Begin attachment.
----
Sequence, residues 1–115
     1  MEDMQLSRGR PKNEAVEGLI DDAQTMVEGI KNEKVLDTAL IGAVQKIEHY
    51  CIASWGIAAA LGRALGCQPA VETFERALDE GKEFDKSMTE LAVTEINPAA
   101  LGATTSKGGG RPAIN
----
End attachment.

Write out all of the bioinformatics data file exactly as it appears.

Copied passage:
Sequence, residues 1–115
     1  MEDMQLSRGR PKNEAVEGLI DDAQTMVEGI KNEKVLDTAL IGAVQKIEHY
    51  CIASWGIAAA LGRALGCQPA VETFERALDE GKEFDKSMTE LAVTEINPAA
   101  LGATTSKGGG RPAIN